10 year anniversary renovations – By Kath Curran
September marks Napier Family Centre’s tenth anniversary in the remodelled old St Stephens Church building on the corner of Morris Spence and Wycliffe Streets in Onekawa. For those of us who were part of the move 10 years ago from the Cathedral Lane building it still feels great to enjoy the free parking, comfortable office spaces, counselling and interview rooms and heat pumps. The community also responded to the shift and the families engaging with services have more than doubled from 1100 families to over 2500 per annum across our budgeting, family social work, counselling, parenting education, children’s courses and early childhood education services.
It is coincidence but feels like a timely milestone to have received grants from Eastern & Central Community Trust and the Lotteries Community Facilities this year to further improve these premises. This past month the playgroup hall has been upgraded with insulated ceiling, lighting and that marvellous invention of air-conditioning/heat pump. Just a few finishing touches still needed but fully functional so, already, within a few days the hall has been humming with activity with the community hip-hop for under five year olds, the Onekawa community playgroup, our own Bright Futures playgroup, and the term’s community programmes are underway – Parenting Teenagers, Positive Parenting, Incredible Years and Just for Kids. Nearing completion is our new training room and another interview room. Without doubt these spaces will be put to great use.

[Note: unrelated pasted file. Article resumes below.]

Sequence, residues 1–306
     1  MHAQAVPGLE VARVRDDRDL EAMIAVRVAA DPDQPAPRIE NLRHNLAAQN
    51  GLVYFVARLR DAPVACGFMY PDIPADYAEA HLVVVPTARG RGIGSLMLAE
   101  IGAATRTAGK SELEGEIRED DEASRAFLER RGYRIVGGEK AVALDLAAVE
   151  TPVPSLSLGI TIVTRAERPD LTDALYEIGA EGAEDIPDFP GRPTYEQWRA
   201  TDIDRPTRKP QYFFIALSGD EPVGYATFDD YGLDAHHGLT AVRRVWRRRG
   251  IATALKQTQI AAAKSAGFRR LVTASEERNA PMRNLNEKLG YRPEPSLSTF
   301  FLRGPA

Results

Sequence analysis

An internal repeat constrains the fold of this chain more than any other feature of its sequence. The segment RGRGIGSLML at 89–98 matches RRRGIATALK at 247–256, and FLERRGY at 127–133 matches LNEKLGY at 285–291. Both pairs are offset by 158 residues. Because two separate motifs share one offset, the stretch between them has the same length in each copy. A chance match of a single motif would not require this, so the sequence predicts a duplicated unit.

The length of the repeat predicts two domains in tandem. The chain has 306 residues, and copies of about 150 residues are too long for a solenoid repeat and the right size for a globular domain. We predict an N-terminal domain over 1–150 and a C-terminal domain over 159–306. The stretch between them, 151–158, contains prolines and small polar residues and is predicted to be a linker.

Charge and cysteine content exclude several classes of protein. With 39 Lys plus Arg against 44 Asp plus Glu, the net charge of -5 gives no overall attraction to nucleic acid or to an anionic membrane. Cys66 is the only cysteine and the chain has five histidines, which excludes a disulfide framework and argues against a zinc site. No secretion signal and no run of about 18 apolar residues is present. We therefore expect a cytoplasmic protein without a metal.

Well before Napier Family Centre moved into the St Stephens building the Onekawa community parent-led playgroup provided space and time for parents to meet with each other and children play and socialise. Ten years on this group is still going strong. In more recent times we have seen the addition of the Hawke’s Bay Community Law who have run their busy Friday Napier clinic from our premises for the past eighteen months.
Late last year the Community Connexions team gave us a day of gardening that fully established our community garden and fruit trees. A grant from NCC along with volunteers and expertise from Te Whakaritorito Trust and Volunteering HB made the dream of ten years ago for an edible fruit forest a reality. This project has made the place more welcoming and people delight in taking produce that they can use to enhance their family meal. I guess it is ok that, for some good things, it takes time.
There is immediate urgency though in our city for support for individuals, families and children who are struggling under a load of debt, housing shortage, insecure work, family violence, health issues, stress and the trauma of abuse, loss and grief.
There’s a lot of insecurity in the not-for-profit sector as funding is sporadic and scarce. We remain incredibly grateful to our landlords of the last ten years, St Paul’s Presbyterian Church, who have shown us great faith and been solid partners in establishing a place that I have heard more than one client say, ‘is a godsend’.